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Lucy came to live with us in the house on Peachtree Road, when she was five and I was seven, and before that April day was over I learned two things that altered almost grotesquely the landscape and weather of my small life. I learned that not all women wept in the nights after the act of love.
And I learned that we were rich.
That those tidbits of information should literally change a world seems perhaps a bit strange now, when children of seven digest with equanimity the daily disclosure of the sexual peccadilloes of politicians and television evangelists and the felonious traffic in billions by arbitragers and governments. But the Buckhead and Atlanta of that day were infinitely smaller principalities than now, and my own cosmos within them was minuscule. I literally had nothing with which to compare my life, and so assumed, in the manner of cloistered only children, that everything and everybody else was as we were.
I knew that my mother cried at night after having intercourse with my father, because I had slept since my infancy in a small room that had been intended as the dressing room for my parents' bedroom, and I could hear clearly each muffled grunt and thrust of that mute and furious coupling, each accelerating squeal of bedsprings, each of my father's grudging, indrawn breaths. From my mother I heard nothing during the act, but each time, without fail, that he finished with a snort and began to snore, her weeping would start, and I would lie, muscles stiff and breath held with dread and unexamined fury, waiting for her to stop. I knew precisely how long she would cry, and when the weeping would cease on adeep, rattling sigh, and when the traitorous springs would creak once more as she turned over into sleep, and only then would I unknot my fists and let myself slide into sleep, following her.
I cannot ever remember wondering what it was that they did in the nights that occasioned the strange hoarse cries, and the alien weepingfor at all other times my mother was one of the most self-possessed women I have ever known. I knew what transpired in their bedroom from the time I could barely walk, though I had no name for the act until Lucy came, and even then only the shadowiest notion of its import. My mother never closed the door between our rooms, and never allowed my father to close it, and for a few weeks and months when I was about two and had just learned to wriggle over the bars of my crib and toddle to the threshold of their bedroom, I watched that darkling coupling.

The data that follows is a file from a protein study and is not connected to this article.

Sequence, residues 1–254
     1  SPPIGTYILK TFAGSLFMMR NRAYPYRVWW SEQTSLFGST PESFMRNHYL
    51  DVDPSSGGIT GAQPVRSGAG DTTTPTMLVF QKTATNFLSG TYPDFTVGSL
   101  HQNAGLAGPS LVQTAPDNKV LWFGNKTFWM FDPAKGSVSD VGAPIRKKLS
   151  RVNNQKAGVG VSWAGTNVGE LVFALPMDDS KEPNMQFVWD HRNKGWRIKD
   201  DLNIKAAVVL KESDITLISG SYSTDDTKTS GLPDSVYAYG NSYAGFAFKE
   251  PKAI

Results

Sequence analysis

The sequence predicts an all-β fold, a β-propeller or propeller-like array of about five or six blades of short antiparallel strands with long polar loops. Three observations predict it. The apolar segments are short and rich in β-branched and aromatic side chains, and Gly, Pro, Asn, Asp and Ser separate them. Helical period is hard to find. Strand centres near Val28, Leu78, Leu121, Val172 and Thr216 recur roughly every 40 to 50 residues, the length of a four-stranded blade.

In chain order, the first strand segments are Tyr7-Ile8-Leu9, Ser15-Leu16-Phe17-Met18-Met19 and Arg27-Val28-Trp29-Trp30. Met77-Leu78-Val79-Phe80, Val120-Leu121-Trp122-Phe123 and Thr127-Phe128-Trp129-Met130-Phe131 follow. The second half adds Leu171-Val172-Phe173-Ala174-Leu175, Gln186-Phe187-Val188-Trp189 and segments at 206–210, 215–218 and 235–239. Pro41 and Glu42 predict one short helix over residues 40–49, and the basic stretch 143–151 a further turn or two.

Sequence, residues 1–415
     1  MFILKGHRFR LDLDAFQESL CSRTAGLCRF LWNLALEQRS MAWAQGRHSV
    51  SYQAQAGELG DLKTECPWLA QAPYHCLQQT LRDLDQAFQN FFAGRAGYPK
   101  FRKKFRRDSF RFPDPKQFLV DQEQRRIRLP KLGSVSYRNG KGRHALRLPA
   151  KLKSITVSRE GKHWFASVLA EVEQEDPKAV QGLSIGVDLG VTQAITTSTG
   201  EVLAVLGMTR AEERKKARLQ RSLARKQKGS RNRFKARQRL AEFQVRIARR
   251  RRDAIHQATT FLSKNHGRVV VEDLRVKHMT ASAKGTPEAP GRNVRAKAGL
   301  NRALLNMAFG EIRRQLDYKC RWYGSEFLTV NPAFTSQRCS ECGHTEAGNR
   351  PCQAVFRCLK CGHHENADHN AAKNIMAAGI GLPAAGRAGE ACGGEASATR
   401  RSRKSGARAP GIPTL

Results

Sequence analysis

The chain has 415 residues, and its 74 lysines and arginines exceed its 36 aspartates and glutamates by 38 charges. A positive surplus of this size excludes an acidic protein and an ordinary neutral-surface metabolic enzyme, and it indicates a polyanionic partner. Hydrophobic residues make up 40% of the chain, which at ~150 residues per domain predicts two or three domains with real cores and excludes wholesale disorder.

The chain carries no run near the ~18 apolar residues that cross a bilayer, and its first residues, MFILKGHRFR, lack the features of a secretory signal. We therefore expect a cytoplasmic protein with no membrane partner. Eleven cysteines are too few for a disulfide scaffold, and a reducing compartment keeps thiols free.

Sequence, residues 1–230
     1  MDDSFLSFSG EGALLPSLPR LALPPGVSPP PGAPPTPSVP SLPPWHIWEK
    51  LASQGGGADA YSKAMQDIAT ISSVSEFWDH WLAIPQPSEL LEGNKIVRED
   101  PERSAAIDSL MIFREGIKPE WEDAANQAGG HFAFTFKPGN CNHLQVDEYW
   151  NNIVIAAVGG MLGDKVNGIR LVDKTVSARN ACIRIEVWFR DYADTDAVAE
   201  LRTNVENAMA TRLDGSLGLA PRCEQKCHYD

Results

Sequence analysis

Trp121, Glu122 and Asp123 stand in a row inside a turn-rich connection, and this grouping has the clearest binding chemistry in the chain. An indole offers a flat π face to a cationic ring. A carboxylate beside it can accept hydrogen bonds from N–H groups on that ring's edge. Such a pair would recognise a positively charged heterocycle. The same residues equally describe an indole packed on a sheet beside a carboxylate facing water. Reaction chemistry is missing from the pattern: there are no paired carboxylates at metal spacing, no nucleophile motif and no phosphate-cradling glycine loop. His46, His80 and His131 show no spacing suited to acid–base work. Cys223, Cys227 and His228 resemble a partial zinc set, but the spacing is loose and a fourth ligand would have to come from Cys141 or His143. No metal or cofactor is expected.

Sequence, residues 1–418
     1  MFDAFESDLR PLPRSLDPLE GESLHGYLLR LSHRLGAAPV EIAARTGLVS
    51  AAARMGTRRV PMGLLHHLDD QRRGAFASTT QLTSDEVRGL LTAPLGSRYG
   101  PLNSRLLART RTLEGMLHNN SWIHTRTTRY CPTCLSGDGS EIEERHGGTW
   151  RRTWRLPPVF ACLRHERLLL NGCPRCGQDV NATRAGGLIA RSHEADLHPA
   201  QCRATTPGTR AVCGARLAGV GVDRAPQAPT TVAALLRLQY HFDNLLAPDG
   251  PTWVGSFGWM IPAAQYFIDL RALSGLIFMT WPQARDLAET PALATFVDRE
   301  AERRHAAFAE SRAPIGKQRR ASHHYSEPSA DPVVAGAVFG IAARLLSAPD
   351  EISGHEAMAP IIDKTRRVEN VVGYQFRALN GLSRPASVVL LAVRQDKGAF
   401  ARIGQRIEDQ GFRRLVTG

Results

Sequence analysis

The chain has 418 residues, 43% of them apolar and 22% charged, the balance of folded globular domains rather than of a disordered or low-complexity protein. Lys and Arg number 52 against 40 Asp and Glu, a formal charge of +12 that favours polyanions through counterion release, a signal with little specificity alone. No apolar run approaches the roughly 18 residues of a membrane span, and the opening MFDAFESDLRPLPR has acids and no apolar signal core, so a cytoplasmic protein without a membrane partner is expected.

It must have frightened me to see the two great titans of my existence grappling in murderous silence on the great canopied tester bed, but I never ran into the room and never cried out, and I do not know to this day whether they knew I was there. How they could have avoided at some time or other raising their heads to see my small, stone-struck figure silhouetted in the sickly glow from my Mickey Mouse night-light I cannot imagine, but neither of them ever gave the smallest sign, and I would hang there night after night, a small Oedipal ghost haunting in despair a chamber where he was not acknowledged.
After a time I stopped going to the door to watch, and soon was no longer afraid, but I never slept until they were done, and I never lost the feeling of violation that the sounds gave me, or the resulting bile-flood of guilty rage at them. Even then, something cool and infinitesimal deep within me knew that I was being burdened and exploited as no child should be. Oddly, it was never at my father that the jet of my little fury was directed, but at my mother. He was a massive, tight, furiously simple, red and white-blond man who vented his considerable tempers and passions directly, and wherever they happened to erupt. As useless to feel rage at him as at a volcano, or a broken water main.
No, it was my mother, the cool, slender, exquisite and infinitely aware vessel for his passions, at whom my anger steamed. It seemed to me that no one so totally self-defined and perceived and carefully calibrated as my mother should allow anything done to her person that would cause weeping, and I was angry at her both for the tears and for making me listen to them. But since my parents were all there was, for practical purposes, to my world, and since I loved my mother and feared my father passionately, I neither admitted the anger nor shut the door. I simply moved, for the first seven years of my life, in a dark and decaying stew of unacknowledged sexuality and anger, and neither cursed the darkness nor thought it out of the ordinary until Lucy Bondurant blew it away on a gust of her extraordinary laughter. On the surface, to the rest of the small society in which I moved, I must have appeared the most unremarkable and ordinary of small boys.
It was for the same reason that I did not know we were rich: There was nothing and no one who appeared different from us Bondurants in the entire sphere of my existence, and where there is no concept of poor, neither can there be one of rich. There were, of course, Shem and Martha Cater, who lived over the old stable-turned-garage behind the house and worked in the kitchen and pantry and drove the Chrysler and answered the door and sometimes served meals in the big dining room when people came to dinner, and there was Amos, who worked in the yard, and Lottie, who came in to cook, and Princess, who brought the hand laundry, fragrant, silky, and still warm, in a rush basket.